A couple of weeks ago, a good friend received a phone call. When she hung up, it was obvious something was wrong. She said her stepdaughter had called to tell her that there had been a warning on "the news" announcing there was going to be a gang initiation at Wal-Mart that night and three women were going to be shot.
The General Assembly is taking some heat in the media this year for having one of its least productive sessions ever, in terms of addressing issues that really affect the lives of Georgians. Legislators still have one last shot at redeeming themselves in the closing days, however.
Remember "The Rat," a giant Godzilla-like creature that stalked the Georgia TV-scape nearly 10 years ago? The monster - - a guy in a rat suit - starred in the darnedest political commercial Georgia had ever seen. The rat gobbled up everything in sight. He even ate the Capitol. The year was 2002.
State Rep. Carl Rogers is taking a lot of local heat he may not deserve. That's not to say that some points made by local elected officials aren't perfectly valid. The opposite sides could be enlightening if personal sensibilities which must have been offended would permit. Let's elaborate.
First and foremost, I am a Christian. Everything else that I am or believe is derived from my faith, or at least it is supposed to be.
I have a way to cut the state's $2 billion deficit significantly while keeping members of the General Assembly, the state's constitutional officers and assorted bureaucrats busy doing something meaningful for a change. Impossible, you say? Hear me out.
Georgia's lawmakers have always been willing to approve tax breaks for the state's business leaders and special interests, but they have really stepped on the gas since Republicans took control of the House and Senate four years ago.
When you are over 75, you've been through recessions before. The economic experts say the market hasn't been this low since 1982. The problem is, I remember 1982, but I don't recall things being as bad or people being as apprehensive as they are today.
Without doubt, we are at one of the most critical points in our nation's history. How we deal with our current economic crisis will define our identity both now and in the future.
I think I have just figured out a way to get the 22 legislative tax evaders out of the General Assembly and onto the streets where they might have to find real work and quit swilling from the public trough.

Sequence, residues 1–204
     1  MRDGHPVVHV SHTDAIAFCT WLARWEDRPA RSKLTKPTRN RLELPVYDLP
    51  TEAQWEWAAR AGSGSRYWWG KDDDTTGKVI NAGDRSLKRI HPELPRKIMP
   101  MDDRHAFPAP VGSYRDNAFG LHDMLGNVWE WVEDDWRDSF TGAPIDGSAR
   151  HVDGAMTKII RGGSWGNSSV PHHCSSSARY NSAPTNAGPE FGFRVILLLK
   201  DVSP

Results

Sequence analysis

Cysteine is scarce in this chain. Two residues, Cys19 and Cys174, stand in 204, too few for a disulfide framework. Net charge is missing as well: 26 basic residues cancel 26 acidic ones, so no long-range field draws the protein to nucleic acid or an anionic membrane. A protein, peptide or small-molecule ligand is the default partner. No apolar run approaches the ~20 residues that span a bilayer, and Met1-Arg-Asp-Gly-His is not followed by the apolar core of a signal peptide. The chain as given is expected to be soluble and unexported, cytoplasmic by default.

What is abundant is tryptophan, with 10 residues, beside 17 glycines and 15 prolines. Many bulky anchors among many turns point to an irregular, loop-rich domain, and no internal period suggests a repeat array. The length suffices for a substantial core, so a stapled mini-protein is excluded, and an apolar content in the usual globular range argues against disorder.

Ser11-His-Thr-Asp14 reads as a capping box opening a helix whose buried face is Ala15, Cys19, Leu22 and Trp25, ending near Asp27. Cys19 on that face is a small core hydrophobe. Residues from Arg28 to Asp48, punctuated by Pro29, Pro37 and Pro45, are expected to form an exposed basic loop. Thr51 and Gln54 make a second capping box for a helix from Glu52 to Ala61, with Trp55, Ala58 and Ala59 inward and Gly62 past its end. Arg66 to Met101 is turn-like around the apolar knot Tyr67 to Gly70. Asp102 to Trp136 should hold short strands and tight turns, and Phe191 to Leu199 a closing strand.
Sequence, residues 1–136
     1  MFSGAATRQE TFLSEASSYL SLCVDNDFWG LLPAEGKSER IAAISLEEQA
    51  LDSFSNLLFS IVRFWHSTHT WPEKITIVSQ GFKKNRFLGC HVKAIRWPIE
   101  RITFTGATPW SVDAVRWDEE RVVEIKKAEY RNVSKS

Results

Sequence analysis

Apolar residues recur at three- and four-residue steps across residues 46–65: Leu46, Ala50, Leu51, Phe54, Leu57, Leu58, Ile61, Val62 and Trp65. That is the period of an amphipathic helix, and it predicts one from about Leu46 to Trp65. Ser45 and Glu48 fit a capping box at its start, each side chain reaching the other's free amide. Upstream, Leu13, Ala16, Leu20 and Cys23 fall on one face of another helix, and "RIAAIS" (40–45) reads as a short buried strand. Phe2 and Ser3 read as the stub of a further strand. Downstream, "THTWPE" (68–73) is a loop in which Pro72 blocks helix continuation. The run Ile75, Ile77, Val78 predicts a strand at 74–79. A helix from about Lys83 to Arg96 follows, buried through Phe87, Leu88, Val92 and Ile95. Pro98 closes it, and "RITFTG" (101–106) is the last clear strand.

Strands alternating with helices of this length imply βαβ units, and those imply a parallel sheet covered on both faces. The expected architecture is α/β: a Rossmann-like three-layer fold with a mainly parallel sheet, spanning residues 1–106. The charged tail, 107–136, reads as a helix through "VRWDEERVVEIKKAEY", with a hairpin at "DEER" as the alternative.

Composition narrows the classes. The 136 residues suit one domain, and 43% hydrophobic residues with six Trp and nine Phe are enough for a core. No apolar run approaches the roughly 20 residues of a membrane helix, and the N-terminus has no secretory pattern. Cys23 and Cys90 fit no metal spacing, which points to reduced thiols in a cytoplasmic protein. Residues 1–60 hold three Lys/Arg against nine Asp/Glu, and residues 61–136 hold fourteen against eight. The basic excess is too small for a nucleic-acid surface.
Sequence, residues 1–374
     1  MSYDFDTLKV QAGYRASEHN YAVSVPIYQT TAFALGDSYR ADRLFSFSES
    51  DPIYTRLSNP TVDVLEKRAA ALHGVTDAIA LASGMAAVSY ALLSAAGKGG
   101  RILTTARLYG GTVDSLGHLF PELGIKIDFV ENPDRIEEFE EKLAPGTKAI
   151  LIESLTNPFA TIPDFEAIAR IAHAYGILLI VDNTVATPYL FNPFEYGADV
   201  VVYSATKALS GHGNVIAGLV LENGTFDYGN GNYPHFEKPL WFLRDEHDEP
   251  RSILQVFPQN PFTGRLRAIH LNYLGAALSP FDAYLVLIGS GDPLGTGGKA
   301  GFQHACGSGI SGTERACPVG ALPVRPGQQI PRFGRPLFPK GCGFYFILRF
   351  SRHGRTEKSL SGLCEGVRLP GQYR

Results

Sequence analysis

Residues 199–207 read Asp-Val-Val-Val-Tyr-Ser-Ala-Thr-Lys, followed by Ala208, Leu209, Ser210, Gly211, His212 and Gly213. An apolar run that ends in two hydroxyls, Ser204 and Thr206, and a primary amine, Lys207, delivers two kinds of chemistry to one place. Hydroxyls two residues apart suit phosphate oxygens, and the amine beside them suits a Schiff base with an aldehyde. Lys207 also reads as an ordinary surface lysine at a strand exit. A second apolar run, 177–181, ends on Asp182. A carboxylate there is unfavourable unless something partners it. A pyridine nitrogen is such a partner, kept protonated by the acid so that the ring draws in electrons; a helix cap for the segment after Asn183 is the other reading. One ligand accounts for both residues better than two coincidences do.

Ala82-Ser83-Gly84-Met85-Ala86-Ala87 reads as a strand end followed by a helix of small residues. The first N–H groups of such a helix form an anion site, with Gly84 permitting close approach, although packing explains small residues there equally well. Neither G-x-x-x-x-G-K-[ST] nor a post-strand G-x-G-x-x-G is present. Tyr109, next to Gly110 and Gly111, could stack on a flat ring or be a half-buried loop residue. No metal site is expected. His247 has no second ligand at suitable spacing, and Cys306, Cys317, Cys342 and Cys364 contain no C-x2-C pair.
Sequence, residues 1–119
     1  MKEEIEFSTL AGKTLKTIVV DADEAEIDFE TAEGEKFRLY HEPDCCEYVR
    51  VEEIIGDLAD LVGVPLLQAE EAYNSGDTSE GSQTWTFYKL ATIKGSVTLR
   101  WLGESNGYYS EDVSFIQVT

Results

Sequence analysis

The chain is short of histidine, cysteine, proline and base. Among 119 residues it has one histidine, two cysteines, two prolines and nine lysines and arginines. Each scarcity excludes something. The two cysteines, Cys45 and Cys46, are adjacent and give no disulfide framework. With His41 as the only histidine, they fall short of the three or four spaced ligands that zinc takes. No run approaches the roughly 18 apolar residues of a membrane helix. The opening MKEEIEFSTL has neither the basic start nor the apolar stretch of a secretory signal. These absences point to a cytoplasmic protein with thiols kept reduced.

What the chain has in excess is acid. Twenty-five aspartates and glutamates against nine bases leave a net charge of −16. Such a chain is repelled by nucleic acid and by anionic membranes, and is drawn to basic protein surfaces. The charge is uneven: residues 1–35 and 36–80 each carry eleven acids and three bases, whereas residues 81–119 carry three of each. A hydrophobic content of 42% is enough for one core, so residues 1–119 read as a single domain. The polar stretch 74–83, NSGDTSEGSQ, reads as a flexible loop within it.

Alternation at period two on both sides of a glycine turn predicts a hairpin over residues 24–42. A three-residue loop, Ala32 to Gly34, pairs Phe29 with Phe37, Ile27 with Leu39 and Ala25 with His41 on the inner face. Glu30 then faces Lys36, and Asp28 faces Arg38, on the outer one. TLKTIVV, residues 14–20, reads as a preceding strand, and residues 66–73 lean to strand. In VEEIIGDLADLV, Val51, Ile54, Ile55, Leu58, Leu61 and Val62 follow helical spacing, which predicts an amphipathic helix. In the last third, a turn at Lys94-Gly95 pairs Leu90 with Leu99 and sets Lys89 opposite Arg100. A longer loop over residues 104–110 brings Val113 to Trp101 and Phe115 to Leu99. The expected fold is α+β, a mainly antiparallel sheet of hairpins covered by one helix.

OK, I'll come right out and admit it. I'm not a big fan of Shakespeare. I'm fine with a sonnet here or a snippet of "all the world's a stage" there, but to sit through two hours of grandiloquent oration? Thanks, but no thanks.
Over the past year or so, there has been one question about politics that I hear more often than any other: "Is Roy going to run?"
I can understand why various personal factors logically and for good reason lead people to oppose daylight saving time.
"Never let a serious crisis go to waste," said President Barack Obama's Chief of Staff, Rahm Emanuel, after Obama won the election in November of last year.
Let me say unequivocally that Rep. Al Williams, D-Midway, and I are on the same page regarding the fact that the Georgia Department of Revenue says Williams and about 10 percent of his colleagues in the Georgia General Assembly are delinquent in paying their taxes.
I suspect my recent silence on the subject of public education in Georgia has been deafening to some of you. I will explain.
Rep. David Stover is a brave man. He may well be one of the gutsiest people serving in the General Assembly.
Robots, artificial intelligence, the future ... what's not to like for a sci-fi buff like me?
I spent last week helping to assess a group of people for a job I couldn't do if my life depended on it. Actually, what they were seeking is not a job; it is a calling. And my life here and in the hereafter depends on how well they do it.
When I first started writing about politics, my conservative friends would preach the gospel of "local control." They believed local governments did a better job of running things because local officeholders were closer to the people who elected them.
It is with regret I tell you our intrepid public servants in the legislature have scuttled a bill that would have lowered the age of eligibility to serve as a member of the House of Representatives to 18 years of age and to 21 in the state Senate.
Page 1 of 1